Journal of Diabetology

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Review Article - Journal of Diabetology (2020) Volume 4, Issue 2

COVID-19 and diabetes: Knowledge in progress -Akhtar Hussain -Faculty of Health Sciences, Nord University, Norway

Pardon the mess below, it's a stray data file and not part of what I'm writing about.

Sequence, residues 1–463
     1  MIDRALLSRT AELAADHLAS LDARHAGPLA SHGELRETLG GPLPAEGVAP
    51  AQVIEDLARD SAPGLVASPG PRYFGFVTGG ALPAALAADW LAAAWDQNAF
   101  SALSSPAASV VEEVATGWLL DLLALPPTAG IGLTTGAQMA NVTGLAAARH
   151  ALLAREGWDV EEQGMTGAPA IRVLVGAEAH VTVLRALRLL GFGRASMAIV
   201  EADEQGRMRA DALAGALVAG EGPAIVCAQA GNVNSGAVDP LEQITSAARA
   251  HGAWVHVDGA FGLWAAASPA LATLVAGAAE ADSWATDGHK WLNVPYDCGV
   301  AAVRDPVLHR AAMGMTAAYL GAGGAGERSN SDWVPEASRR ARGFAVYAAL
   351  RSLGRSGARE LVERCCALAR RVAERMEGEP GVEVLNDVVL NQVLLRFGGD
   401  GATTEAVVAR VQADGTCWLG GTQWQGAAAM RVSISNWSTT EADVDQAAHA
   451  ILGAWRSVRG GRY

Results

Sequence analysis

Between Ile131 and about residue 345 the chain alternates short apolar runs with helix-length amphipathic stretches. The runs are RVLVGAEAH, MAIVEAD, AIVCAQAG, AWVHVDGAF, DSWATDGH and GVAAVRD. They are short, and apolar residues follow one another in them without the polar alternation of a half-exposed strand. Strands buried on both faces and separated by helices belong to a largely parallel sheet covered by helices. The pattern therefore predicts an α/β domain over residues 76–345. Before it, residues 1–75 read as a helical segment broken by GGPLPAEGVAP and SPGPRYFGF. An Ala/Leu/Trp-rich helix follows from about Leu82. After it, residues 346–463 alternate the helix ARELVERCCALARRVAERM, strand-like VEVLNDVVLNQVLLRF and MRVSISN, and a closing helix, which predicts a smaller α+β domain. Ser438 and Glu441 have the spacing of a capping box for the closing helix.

We aimed to briefly review the general characteristics of the novel coronavirus(SARS-CoV-2) and provide a better understanding of the coronavirus disease (COVID-19)in people with diabetes, and its management.Methods:We searched for articles in PubMed and Google Scholar databases till 02 April2020, with the following keywords: ‘‘SARS-CoV-2”, ‘‘COVID-19”, ‘‘infection”, ‘‘pathogenesis”,‘‘incubation  period”,  ‘‘transmission”,  ‘‘clinical  features”,  ‘‘diagnosis”,  ‘‘treatment”,‘‘diabetes”, with interposition of the Boolean operator ‘‘AND”.Results:The clinical spectrum of COVID-19 is heterogeneous, ranging from mild flu-likesymptoms to acute respiratory distress syndrome, multiple organ failure and death. Olderage, diabetes and other comorbidities are reported as significant predictors of morbidityand mortality. Chronic inflammation, increased coagulation activity, immune responseimpairment, and potential direct pancreatic damage by SARS-CoV-2 might be among theunderlying mechanisms of the association between diabetes and COVID-19. No conclusiveevidence exists to support the discontinuation of angiotensin-converting enzyme inhibi-tors (ACEI), angiotensin receptor blockers or thiazolidinediones because of COVID-19 inpeople with diabetes. Caution should be taken to potential hypoglycemic events with theuse of chloroquine in these subjects. Patient tailored therapeutic strategies, rigorous glu-cose monitoring and careful consideration of drug interactions might reduce adverse out-comes. We conducted a scoping review to provide a brief summaryof the general characteristics of COVID-19, as well as a moredetailed description and critical assessment of the associa-tion between this new infectious disease and diabetes. Wehope this review can provide meaningful information forfuture research and ultimately contribute to better clinicalmanagement of patients with COVID-19 and diabetes. Most initial COVID-19 patients had a direct contact historywith a local Chinese seafood and wildlife market, suggestinga common-source zoonotic exposure as the main mode oftransmission[10]. Findings from virus genome sequencinganalysis have pointed out that SARS-CoV-2 and bat coron-avirus (bat CoV) might share the same ancestor, although batsare not for sale in this seafood market[11]. Later cases werereported among health care workers and others withoutexposure history of wildlife or visiting Wuhan, which indi-cated human-to-human transmission[10]. Currently, it isconsidered that the virus can be mainly transmitted throughdroplets, direct contact and aerosols. Droplets transmissionmay occur when respiratory droplets, produced when aninfected person coughs or sneezes, are ingested or inhaledby individuals nearby (within about 6 feet). A subject can alsoget infected by touching a surface or object contaminatedwith the virus and subsequently touching his/her mouth,nose, or eyes[12]. Additionally, it has been shown experimen-tally that the virus can remain viable in aerosols for at least3h[13], and can be transmitted in closed environments ifinhaled into the lungs[12]. Therefore, airborne transmissionis a possibility during aerosol generating procedures, e.g.,endotracheal   intubation,   bronchoscopy,   non-invasivepositive-pressure  ventilation,  tracheostomy,  cardiopul-monary resuscitation, etc[14]. Although viable virus has beenidentified in fecal swabs, the fecal-oral route does not appearto be a driver of COVID-19 transmission. The diagnosis of COVID-19 cannot be made without microbi-ologic analysis. Patients who meet the criteria discussedbelow should undergo testing for SARS-CoV-2, in addition totesting for other respiratory pathogens (e.g., influenza, respi-ratory syncytial virus, etc). Since testing for COVID-19 in sus-pected cases is limited owing to inadequate capacity, localhealth authorities may introduce specific criteria for prioritycases[23]. Although many laboratory tests have been devel-oped, real-time fluorescence (RT-PCR) has been the currentstandard diagnostic method for diagnosis of COVID-19, bydetecting the positive nucleic acid of SARS-CoV-2 in sputum,throat swabs, and secretions of the lower respiratory tractsamples